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Posted by on Feb 28, 2013 in Blog, Change, Culture, technology and travel, Travel |

Geared Up and Geeked Out: Thoughts on Travel and Technology

Geared Up and Geeked Out: Thoughts on Travel and Technology

“They don’t look out the window,” said a crest-fallen mother referring to 21st century children on car rides. I think back to the days when my two sisters and I occupied ourselves on long drives by staring out the window, playing games, and reading. On one particular vacation, we drove the entire way from Georgia to Pennsylvania in the back of my dad’s pickup truck entertaining our friend’s former pet skunk Stinky. Sidenote: if you ever want some guaranteed fun, take a skunk on a leash for a potty break at rest stops on I95. To what extent has technology changed how we travel? What are we losing and gaining by being geared up and geeked out on our journey? Technology has changed nearly every aspect of travel– the way we plan travel, book transportation and housing, keep in contact with home, manage our finances,  record our memories, and reflect on our experiences. In other words, technology has changed how we travel but it has not changed why we...

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Posted by on Dec 17, 2012 in Blog, Change, Culture, International Education, Relocation, Study Abroad, Teach Abroad, Travel, Volunteer Abroad, Work Abroad |

The Art of Asking: Travel with Questions Not Answers

The Art of Asking: Travel with Questions Not Answers

He who asks a question is a fool for five minutes; he who does not ask a question remains a fool forever. — Chinese Proverb Questions are essential tools for the traveler. A good question opens doors, conversations, and hearts if the response falls on the ears of an attentive listener. A question may also be the origin of a new friendship, companionship, or opportunity. A question can divert aggression, misunderstanding, and bring clarity to an uncomfortable moment because it requires the suspension of judgement to find out more. Asking a good question begins with keen observation of self and extends to the other. What is a good question? A good question takes into account the person asking and the person it is directed at. What do I want or need to know? Why is this information or story important to me? Where does this person come from? What is important to her? How does he express what he values? What is being communicated through body language that is not...

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Posted by on Dec 16, 2012 in Blog, Culture, Photos, Travel |

Backgammon in Nicosia, Cyprus

Backgammon in Nicosia, Cyprus

This photo was taken in the Old City of Nicosia, Cyprus, where backgammon is a game the old and young play in their spare time. The title is “East/West” as a reference to the contrast of old and new worlds– the traditional and modern. The poster and calendar display messages in English and one of the men is wearing a popular Western brand but all of the men in the picture are traditional Cypriots playing a game that originated in Persia (Iran) thousands of years ago in the last divided capitol of the world. I had permission to capture this moment on a Sunday afternoon in the Old City Nicosia and I have always enjoyed the subtle contrasts in this photo as well as the clear streams of light filtering in onto the scene. This photo is entered into a contest and you can vote for it by liking or sharing it from BarrelHopping’s website....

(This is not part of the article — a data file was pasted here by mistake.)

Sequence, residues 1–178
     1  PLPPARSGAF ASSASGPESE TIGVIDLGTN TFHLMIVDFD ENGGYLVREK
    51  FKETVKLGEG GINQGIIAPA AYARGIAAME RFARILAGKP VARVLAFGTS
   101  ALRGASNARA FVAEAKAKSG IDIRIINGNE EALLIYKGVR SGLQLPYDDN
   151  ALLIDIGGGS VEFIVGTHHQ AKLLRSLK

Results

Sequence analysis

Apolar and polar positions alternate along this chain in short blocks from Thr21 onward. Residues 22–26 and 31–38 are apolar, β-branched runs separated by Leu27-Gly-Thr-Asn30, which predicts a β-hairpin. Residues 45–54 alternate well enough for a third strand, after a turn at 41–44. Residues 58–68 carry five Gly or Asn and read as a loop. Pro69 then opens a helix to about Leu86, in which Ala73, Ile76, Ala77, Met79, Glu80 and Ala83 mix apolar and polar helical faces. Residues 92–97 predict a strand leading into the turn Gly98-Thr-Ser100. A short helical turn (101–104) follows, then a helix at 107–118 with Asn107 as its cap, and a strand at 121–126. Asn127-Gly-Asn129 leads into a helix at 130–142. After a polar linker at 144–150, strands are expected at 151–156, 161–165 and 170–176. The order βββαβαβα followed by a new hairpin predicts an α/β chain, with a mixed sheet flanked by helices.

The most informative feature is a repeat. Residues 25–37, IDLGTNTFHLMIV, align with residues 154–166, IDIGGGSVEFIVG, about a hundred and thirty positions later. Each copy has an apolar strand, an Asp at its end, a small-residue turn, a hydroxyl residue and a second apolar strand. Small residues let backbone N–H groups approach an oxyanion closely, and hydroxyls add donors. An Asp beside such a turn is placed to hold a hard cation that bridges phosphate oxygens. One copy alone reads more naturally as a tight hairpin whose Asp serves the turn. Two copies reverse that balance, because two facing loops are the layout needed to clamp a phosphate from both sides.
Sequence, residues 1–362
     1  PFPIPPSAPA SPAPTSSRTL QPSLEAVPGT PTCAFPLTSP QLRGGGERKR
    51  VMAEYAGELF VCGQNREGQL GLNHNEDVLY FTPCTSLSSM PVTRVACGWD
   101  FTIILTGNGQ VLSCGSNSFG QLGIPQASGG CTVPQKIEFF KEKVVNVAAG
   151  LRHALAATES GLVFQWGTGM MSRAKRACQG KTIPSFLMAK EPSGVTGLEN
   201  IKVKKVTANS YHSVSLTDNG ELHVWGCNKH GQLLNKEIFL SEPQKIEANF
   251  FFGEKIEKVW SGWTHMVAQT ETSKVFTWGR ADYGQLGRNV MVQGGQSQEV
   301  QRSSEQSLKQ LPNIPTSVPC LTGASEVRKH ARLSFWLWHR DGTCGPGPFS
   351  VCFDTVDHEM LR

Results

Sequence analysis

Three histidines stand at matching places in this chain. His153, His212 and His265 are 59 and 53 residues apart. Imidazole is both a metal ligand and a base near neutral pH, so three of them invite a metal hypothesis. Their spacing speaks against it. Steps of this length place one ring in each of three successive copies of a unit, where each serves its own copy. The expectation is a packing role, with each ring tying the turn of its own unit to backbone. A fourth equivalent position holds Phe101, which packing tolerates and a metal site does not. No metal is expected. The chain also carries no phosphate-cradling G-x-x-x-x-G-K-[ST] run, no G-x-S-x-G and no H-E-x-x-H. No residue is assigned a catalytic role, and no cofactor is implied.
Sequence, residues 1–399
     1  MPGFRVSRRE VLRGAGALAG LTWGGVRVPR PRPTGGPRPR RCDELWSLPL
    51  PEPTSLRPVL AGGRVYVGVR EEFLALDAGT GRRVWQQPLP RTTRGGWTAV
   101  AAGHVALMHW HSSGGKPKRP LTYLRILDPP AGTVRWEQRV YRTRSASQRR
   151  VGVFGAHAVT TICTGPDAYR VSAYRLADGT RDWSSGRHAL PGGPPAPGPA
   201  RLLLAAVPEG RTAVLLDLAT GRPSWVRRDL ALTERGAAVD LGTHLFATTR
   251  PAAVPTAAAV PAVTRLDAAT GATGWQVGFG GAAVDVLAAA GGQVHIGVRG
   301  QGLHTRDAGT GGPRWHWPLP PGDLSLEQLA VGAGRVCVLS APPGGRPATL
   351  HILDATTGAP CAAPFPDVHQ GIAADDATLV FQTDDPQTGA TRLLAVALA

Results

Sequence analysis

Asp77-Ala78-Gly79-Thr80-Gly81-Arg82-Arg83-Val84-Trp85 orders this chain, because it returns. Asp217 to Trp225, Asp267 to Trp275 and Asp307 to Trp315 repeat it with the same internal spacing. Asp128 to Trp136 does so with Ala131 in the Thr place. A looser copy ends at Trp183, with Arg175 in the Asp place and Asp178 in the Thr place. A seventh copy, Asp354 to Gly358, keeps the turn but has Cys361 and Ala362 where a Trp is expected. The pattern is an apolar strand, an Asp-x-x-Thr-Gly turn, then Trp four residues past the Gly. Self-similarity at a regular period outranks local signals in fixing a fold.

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Posted by on Nov 21, 2012 in Blog, Culture |

Thanksgiving with Foreigners

Thanksgiving with Foreigners

Thanksgiving is an excellent holiday to spend with foreigners. When I think about it, Thanksgiving began as a holiday of foreigners sitting down together. Even though this Thursday I will be sitting around a table in Central PA with family, I remember eating escargot instead of turkey on Thanksgiving, and I fondly remember the six Thanksgivings I shared with foreigners and stragglers far from home. The year I lived in Jacksonville I hosted a Guatemalan couple, their Colombian friend, and my friend Oksana who is originally from Kazakhstan. I will never forget the conversation that ensued at the dinner table when Carlos asked, “What is this holiday about anyway?” Oksana and I regaled them with a mix of US history and folklore involving Squanto, the Pilgrims, surviving the winter, and giving thanks together. In Northern Ireland, the MA students from the US organized a feast and we invited all of our friends. The people who gathered came from Japan, Colombia, South Africa, Northern Ireland, the UK, Hungary, and Spain....

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Posted by on Nov 20, 2012 in Guest Post, Study Abroad, Travel |

The Fool: Tarot Readings in Russian

The Fool: Tarot Readings in Russian

Since my high school and university days, I’ve been aware what a party-pleaser tarot cards are. Many people love to have their cards read, whether they believe in them or not. When I went to Russia during my junior year of college, I made the mistake of leaving my tarot cards at home in Denver but luckily managed to find another deck in St. Petersburg. I read the tarot cards for just about every teacher in the school (except for Julia who is quite religious and believes it is the work of the Devil). The twist? I have to do it mostly in Russian. Two of my most frequent requests for readings come from Kostya, the night security guard (whose day job is history teacher at a local secondary school) and Sergei Ivanovich, a director of something for the school. (I’m not entirely sure what Sergei’s job is in fact, I just know that he’s the husband of Katya, definitely the director of the school and that he pays...

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